On 1st July (resonant date), I'm doing a lecture at the IWM as part of the Museum's 'First World War Remembered' Day. This has grown out of study days for students which I've been running with the Head of Research and Information, Nigel Steel. The day involves curators and historians talking about artefacts and describing how they're put together to create history – academic, public and popular. On that note, it's interesting to note how the Museum's publicity department has chosen to describe the subject in its website entry on the day:
When the First World War began in August 1914 many believed it would be over by Christmas, but the power of modern weapons quickly turned it into a bitter struggle. For more than four years soldiers on both sides fought a series of infamous battles at Ypres, Verdun, Gallipoli and the Somme. Millions of lives were lost and little appeared to be gained. The First World War represented a turning point in history and its impact can still be felt on communities across the world today.
Those who know me and my work will know that this is not exactly the description of the war I would go for. I realise that it's necessary to engage and interest a non-specialist audience, but I can't help but see this as a kind of 'default setting', piling a set of cliches one on top of another.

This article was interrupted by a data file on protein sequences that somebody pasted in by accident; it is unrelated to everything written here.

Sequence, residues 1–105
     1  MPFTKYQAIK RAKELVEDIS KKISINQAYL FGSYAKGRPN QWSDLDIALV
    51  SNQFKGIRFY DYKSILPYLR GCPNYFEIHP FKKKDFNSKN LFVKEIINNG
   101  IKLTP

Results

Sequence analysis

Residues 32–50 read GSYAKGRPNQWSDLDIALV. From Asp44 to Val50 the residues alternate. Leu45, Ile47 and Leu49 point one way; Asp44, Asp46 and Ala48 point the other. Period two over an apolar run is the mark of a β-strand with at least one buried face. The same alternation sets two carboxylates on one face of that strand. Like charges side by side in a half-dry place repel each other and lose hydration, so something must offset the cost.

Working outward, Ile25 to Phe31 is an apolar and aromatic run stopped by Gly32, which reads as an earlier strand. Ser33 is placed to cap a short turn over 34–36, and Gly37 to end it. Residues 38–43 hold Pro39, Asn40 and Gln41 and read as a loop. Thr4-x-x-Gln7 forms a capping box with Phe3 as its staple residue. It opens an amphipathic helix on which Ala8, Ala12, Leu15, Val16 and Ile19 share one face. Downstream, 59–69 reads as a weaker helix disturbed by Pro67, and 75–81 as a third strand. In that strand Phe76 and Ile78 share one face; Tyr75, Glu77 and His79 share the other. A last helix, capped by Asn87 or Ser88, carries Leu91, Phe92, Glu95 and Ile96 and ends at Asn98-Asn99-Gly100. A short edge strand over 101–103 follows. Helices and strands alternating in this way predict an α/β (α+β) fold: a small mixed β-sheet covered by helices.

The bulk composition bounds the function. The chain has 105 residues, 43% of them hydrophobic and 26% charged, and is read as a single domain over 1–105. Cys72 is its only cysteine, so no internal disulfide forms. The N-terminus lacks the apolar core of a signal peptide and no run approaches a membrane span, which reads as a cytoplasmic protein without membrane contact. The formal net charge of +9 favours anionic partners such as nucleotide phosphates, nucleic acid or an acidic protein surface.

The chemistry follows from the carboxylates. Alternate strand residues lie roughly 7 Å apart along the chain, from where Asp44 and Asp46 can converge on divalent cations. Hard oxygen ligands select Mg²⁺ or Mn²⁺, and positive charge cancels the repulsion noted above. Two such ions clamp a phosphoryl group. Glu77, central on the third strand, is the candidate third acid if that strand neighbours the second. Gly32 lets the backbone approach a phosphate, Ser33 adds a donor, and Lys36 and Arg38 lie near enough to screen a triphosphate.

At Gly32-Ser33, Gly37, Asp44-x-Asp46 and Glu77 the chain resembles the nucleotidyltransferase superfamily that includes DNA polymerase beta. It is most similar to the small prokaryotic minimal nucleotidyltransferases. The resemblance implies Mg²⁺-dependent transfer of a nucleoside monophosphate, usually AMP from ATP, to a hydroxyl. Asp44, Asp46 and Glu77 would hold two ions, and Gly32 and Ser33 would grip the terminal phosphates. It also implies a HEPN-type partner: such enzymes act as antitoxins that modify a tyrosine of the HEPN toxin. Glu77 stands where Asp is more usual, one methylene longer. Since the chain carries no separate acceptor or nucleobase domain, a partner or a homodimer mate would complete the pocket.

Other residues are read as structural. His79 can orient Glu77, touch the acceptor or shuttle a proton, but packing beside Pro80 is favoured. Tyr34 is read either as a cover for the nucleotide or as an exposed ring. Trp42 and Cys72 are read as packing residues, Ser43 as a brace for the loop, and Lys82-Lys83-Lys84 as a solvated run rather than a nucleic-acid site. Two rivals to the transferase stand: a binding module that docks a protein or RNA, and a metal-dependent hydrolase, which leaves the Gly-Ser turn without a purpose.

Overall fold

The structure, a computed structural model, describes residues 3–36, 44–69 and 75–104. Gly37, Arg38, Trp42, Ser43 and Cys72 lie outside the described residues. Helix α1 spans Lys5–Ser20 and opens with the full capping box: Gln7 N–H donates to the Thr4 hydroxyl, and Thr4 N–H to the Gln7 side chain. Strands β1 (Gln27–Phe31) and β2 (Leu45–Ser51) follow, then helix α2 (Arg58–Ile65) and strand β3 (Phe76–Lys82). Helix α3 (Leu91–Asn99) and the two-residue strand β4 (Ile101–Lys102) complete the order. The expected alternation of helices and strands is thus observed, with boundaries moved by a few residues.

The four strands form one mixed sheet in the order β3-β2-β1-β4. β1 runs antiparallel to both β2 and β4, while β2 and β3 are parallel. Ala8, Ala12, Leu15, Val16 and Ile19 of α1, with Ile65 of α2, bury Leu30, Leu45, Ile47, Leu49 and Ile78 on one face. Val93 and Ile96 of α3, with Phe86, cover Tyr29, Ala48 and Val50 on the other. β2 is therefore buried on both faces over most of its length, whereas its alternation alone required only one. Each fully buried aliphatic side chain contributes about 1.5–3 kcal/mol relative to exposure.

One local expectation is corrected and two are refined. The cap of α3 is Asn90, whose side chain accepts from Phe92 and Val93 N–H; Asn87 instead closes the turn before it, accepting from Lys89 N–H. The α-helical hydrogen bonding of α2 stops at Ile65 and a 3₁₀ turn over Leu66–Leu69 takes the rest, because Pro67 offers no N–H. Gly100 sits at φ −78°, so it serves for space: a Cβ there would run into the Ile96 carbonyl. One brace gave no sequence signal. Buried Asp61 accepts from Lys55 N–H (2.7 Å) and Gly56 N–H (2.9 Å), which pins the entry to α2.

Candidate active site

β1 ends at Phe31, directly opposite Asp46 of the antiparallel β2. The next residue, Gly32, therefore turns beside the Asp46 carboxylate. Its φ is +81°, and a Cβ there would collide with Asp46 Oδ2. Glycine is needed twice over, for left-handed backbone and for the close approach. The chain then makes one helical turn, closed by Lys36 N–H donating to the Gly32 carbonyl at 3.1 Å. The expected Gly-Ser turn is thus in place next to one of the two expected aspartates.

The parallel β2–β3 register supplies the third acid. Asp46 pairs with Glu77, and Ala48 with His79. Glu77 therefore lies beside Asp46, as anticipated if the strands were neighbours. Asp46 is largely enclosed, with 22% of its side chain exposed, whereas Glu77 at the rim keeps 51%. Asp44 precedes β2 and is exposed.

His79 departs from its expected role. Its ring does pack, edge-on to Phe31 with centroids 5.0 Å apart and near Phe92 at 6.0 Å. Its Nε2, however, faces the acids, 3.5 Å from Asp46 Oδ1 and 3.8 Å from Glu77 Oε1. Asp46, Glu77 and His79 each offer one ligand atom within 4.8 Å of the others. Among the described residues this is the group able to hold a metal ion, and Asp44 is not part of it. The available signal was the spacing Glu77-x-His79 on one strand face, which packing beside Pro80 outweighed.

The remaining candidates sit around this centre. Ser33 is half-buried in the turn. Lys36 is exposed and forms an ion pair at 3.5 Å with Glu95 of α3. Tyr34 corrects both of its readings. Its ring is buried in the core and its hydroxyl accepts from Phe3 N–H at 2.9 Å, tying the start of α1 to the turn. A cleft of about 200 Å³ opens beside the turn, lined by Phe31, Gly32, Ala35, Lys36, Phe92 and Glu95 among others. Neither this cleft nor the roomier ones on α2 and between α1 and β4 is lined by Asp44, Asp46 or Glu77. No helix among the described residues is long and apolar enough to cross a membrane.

But it highlights an area which I've been interested in for some time. I've always wanted to be a historian whose work reached a popular audience. If you want to do that, you need to get the punters in, and you probably need to accept that you'll come up against cliche and lack of thought – so the issue is how do you react to that? Do you throw a massive hissy fit and throw your toys out of the pram? Or do you go for a sort of entryism, in which you try to sneak in the uncertainties and ambiguities of history and try to help the audience think critically about their received beliefs? If you do the latter, have you in fact sold your soul – because your ability to get that information across will probably be limited by format, time and audience? Where do you draw the line?
In my book and in an article recently written for BBC History online (but not yet up), I've tried to suggest that First World War historians probably shouldn't get too frustrated with the fact that myths about the war are too entrenched for us to shift. Better that people use those myths, care about the war, remember those who fought, and – in a minority of cases – try to find out more – than that the war is completely forgotten.
(And let's leave aside for the moment the fact that in the Museum's email newsletter I'm described as well known Queen Mary historian Dr Dan Thompson. Obviously not that well known…)